Perhaps in the public’s justifiable outrage we are seeing the stirring of a new counter-movement against the merchants of hate – one that calls for a return to civility and reasoned debate.

It is vital that we do so with urgency.

Those of us attuned to reality appreciate we are confronted by a broad range of challenges: environmental collapse, resource depletion, an ageing population and less certain economic times to mention but a few.

It is not the end of the world, but some nasty shocks are on the horizon if we don’t start seriously planning a response.

And yet we cannot meet these challenges creatively or with a sense of common purpose when the merchants of hate preach division and call out scientists and environmentalists – indeed anyone perceived to be in opposition to their paranoid world view – as the enemy within.

The likes of Alan Jones are not dissenting voices; he is not the representative or champion of unpopular causes as he and his defenders are so very quick to claim.

The language of hate peddled by Jones, Bolt and News Corporation is merely a tool to silence critics of the status quo. Told that we cannot consume blindly or pollute the world’s atmosphere without consequences, and their response is blind fury and denial.

And yet in opposition to their fury what is an appropriate response?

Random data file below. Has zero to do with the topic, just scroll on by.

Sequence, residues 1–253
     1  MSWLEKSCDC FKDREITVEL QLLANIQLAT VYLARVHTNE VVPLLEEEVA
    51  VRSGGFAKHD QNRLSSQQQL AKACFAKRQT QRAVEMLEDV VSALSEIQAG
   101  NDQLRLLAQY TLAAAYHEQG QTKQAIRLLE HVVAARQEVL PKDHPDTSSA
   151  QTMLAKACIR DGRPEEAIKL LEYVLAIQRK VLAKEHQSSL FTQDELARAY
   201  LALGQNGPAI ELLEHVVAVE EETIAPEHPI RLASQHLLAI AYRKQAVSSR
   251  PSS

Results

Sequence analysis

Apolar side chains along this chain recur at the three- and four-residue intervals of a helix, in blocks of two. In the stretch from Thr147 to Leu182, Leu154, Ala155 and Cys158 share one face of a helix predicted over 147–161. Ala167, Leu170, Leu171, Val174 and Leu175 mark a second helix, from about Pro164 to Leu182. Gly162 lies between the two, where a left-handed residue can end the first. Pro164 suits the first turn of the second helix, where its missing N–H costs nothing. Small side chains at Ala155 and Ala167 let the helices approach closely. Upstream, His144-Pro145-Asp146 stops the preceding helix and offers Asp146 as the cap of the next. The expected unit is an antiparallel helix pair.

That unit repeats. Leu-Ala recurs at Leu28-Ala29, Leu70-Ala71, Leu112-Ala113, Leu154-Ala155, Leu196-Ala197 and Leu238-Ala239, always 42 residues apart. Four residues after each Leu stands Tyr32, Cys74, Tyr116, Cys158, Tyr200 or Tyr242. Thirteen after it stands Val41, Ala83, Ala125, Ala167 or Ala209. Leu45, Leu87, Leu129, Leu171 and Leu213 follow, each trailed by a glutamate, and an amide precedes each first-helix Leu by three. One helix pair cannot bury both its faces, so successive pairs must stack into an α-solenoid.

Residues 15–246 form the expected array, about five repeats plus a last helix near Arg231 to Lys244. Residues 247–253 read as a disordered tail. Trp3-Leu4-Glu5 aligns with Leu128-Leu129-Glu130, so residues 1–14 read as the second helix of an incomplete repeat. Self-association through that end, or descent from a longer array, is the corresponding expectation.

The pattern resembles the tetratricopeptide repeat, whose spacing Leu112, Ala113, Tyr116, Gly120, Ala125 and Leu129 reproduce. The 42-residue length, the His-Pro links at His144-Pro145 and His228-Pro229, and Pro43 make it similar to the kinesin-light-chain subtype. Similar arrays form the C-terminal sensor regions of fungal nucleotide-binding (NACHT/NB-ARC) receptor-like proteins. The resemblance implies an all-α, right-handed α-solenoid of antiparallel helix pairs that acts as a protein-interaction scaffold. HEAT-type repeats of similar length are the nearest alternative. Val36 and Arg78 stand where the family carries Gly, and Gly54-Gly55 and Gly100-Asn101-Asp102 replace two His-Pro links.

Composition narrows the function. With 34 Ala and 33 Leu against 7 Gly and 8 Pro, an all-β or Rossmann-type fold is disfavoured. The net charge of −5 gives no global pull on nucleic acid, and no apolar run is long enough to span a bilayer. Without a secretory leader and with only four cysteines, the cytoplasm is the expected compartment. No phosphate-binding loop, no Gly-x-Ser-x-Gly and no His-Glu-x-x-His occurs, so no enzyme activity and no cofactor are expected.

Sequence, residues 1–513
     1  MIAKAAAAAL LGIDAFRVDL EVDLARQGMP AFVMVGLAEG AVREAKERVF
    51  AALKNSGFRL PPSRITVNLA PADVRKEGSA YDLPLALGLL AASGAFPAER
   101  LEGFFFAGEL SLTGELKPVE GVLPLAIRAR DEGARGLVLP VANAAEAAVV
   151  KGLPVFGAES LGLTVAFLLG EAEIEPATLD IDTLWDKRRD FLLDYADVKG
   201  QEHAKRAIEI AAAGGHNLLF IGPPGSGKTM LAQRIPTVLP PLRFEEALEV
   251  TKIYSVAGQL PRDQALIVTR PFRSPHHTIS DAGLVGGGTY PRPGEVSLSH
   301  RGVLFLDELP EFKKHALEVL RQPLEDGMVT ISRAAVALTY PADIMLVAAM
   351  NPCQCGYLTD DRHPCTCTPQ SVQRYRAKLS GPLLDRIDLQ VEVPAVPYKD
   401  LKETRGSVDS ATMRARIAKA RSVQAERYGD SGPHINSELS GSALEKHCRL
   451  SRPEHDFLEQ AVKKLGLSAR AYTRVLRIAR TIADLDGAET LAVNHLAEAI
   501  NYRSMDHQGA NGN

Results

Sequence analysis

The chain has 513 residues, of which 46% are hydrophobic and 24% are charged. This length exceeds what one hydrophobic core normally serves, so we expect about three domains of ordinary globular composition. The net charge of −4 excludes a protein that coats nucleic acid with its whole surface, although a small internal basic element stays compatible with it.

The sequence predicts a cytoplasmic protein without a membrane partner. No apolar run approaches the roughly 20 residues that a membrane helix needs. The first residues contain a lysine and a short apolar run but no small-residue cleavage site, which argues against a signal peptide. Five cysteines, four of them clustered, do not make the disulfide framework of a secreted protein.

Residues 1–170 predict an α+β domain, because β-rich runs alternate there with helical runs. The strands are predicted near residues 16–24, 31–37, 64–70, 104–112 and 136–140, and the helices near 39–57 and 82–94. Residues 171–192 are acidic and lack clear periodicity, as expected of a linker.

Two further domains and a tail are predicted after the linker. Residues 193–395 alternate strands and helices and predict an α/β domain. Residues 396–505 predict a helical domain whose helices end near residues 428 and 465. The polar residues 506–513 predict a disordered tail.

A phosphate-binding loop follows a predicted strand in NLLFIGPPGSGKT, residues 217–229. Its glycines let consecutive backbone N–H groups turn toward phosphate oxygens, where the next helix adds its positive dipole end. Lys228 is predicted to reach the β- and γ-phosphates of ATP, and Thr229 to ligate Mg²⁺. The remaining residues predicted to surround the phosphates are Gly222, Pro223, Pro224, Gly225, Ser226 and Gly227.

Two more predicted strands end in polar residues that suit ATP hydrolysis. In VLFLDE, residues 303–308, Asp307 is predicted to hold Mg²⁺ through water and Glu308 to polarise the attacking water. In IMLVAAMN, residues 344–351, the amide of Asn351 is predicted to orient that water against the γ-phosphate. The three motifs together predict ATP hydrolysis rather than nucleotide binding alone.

Censorship in a free society is untenable, and destructive; it is not an option in a genuinely democratic country like Australia. Nor do I advocate it.

What then?

Limits to hate: victory over the merchants of unreality?

We can reclaim the media and public debate by standing up to the likes of Jones; we can bring back accountability.

Which is what 110,000 Australians did in signing that petition to get Jones off the air. It is a genuine grass-roots initiative taken up by tens of thousands. Which is why sponsors are fleeing from Jones in horror at being associated with his tainted brand.

Decency, humility and respect for the rights of others never went away or into decline: the values of our society are not in free fall.

But you would not know that tuning into Alan Jones or picking up The Herald Sun.

By capturing the media and using it as a platform for their distorted reality, the shrill and panicked voices of right-wing popularism attempted to drown out any sense of common purpose in a tirade of hate filled invective.

They wanted to divide the world into us and them and for the public to follow their conspiratorial lead. They treated climate science as a subversive heresy and have been attempting to stamp it out.

Indeed there can be little doubt in coming decades Jones and the climate sceptics will be mocked for their beliefs; that climate scientists perpetrated a gigantic hoax for funding; that environmentalists wanted to de-industrialize the West; or that the Rothschild family is behind it all.

We have listened to Jones and his fellow travellers for years; we have tolerated their hate filled world view far longer than was necessary. They have had their opportunity to put their case forward, in a manner befitting their temperament.

But there are not merely limits to growth; there are limits to the level of hate a pluralistic society will tolerate.

Perhaps those limits are now finally being reached.